Chapter 3 shortly summarizes previous publications on the MPLA’s state making,[1] stressing the fact that it was essentially rooted in urban centers, with an all-encompassing discourse on the Angolan nation, rejecting references to ethnicity or race and defining citizenship linked to the MPLA-led state-building project. However, acceptance of the MPLA account of nationhood was contingent on people having an experience of a process of urban state building and being contained in a secure zone, where violence was seen as defensive. This contradiction between inclusivity and exclusivity shaped the attitude of state officials toward people who lived beyond the perimeter of the towns.

Chapter 4 explores the processes through which political identities were constituted and assigned at the margins of the state’s control, dealing with the contradictions of how these identities were established: on the one hand, political identities were assigned on the basis where one was; on the other, they had to be demonstrated by obeying and “collaborating.” Government discourse categorized people primarily on the basis of whether they were “government people” or “UNITA people.” Change of location could transform them into government people. The relationship between the government and people in its areas were based on the provision of goods, humanitarian assistance, and security, protecting them against an enemy that had to be feared. Nationalist ideology with which the MPLA sought legitimacy required the presence of UNITA as an enemy, whose foreign and colonial links the MPLA emphasized.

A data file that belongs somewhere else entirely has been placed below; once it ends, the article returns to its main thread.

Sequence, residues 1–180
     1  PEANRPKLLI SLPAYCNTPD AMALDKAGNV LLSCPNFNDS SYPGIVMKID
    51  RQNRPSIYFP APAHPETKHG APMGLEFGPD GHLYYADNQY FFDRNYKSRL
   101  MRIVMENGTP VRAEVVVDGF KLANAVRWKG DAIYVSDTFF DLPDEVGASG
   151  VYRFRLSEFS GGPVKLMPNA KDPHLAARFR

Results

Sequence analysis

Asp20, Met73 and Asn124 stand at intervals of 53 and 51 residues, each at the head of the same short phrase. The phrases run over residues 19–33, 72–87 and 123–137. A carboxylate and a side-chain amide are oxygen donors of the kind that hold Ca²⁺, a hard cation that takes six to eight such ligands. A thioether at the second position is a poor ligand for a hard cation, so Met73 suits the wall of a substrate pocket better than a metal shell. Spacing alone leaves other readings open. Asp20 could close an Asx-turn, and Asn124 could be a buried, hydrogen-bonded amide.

Chapter 5 considers the ways in which UNITA sought to build a political relationship with the people of the central highlands between 1976 and the peace process of the 1990s, disaggregating the idea of UNITA people, showing how UNITA discourses created different categories of identity within the areas it controlled, a distinction that has its origins in the dual strategy of elite and peasant mobilization discussed in chapter 2. A distinction is made here between three broad categories: UNITA’s leadership, the people who had accompanied UNITA’s columns that left the towns, and the peasant farmers who lived in the zones under UNITA’s attempted or effectively established control. The merging of political and military functions was characteristic of UNITA’s organization, much more than the MPLA. UNITA’s quest for legitimacy required it to present the MPLA as an alien enemy against which UNITA had to defend the people, also stimulating fear among the population, just like the MPLA did in relation to UNITA. Likewise, UNITA attempted to provide (at varying degrees, times, and places) basic health and education services, similarly to the MPLA. The relationship established by UNITA with rural people in the late 1970s and 1980s was based on consent as well as on force. In contrast to more active participants in UNITA’s work, peasant farmers seldom acknowledged UNITA to be inherently more worthy of their support than the MPLA or any other political movement. An interesting quotation from Savimbi in this chapter seems to contradict the previously stressed argument in the book regarding grievances and identity differences. UNITA’s leader is quoted saying that “You are trying to get a man to switch from thinking of himself as a Cuanhama to thinking of himself first as an Angolan, It’s very complicated,” proving that other dimensions of social identity, with political relevance, were in place before and despite the movements’ discourses, elites’ manipulation, and conflict.